The part academia can play in world diplomacy
The world faces countless dangers, from swelling unemployment rates from an unstable economy to the looming shadow of climate change, which could permanently alter human cultures worldwide. "Science is the easy part. Politics is a complicated part", Šlaus said. "Everything that has to be done now is the domain of politics."
For the last 40 years, Šlaus pointed out, opinion polls across the globe have shown that 70-to-75% of the public are unhappy with their governments. He said the question academics have to ask is: How can we improve that number? "You really have to involve the public, the culture, and the government as much as possible. It cannot be just the government using the culture of its country; the using of its people", Šlaus said.
The seminar was organized by TWAS and is part of a series on science and diplomacy, initiated by TWAS in partnership with AAAS, the American Association for the Advancement of Science.
"Academies are an institutional structure providing education, curiosity, cooperation and competition", Šlaus said. "We have to assure cooperative security in an uncertain and unstable world, stimulating and assuring creativity, generating innovative, out-of-the-box ideas. We have to assure human dignity in a world that is unequal. And this all should be providing a basis for courage."
The solution to the problems of the world were not clear, he said, other than what the world needs is more people working to come up with solutions. However, though experience, academics can rule out some routes that have been tried and failed. "We can clearly claim war or any violence is out of the question – it will not bring you anywhere. Large inequalities are not good", Šlaus said. "Market is on one side good because it gives you even more freedom than democracy does", he noted, but still a free market has problems. "One of them is unemployment, which is a market phenomenon. The other is these bubbles, which we don't know how to control."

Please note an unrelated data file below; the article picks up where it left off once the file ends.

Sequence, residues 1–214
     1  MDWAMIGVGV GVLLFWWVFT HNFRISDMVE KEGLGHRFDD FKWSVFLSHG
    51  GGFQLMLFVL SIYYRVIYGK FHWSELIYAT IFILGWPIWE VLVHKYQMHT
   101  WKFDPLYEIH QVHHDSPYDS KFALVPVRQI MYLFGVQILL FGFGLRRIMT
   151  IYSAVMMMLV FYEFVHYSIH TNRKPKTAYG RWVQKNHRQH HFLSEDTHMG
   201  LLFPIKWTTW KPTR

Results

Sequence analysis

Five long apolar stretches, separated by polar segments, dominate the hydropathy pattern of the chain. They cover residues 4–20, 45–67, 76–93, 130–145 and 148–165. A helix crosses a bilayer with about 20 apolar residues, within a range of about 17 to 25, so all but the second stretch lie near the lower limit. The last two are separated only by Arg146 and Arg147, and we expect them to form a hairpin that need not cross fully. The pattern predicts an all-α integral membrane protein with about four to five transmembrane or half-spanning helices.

Šlaus has taught at several American universities, including University of California, Los Angeles; Georgetown University in Washington; Duke University, North Carolina. In the years 2000-2003 he was a member of the Parliament of Croatia, and currently deals with security and issues related to the knowledge society.
WAAS is the world's scientific non-governmental organization, which has more than 600 members from 82 countries. Created in 1960, but already conceived after World War II, as one of its prime movers also such prestigious names as those of Albert Einstein, the American physicist Robert Oppenheimer and the philosopher and mathematician Bertrand Russell.
This event was part of the TWAS Science Diplomacy programme, which includes lectures, seminars, workshops, international meetings, and a regional prize. Other seminars and lectures have been held by New South Wales Chief Scientist and Engineer Mary O'Kane, AAAS Center for Science Diplomacy director Vaughan Turekian and Paul van Gardingen, the director of the Ecosystem Services for Poverty Alleviation Programme at the University of Edinburgh, UK. A flyer used to advertise Šlaus's seminar is available below. A video of the seminar is also available through the Abdus Salam International Centre of Theoretical Physics.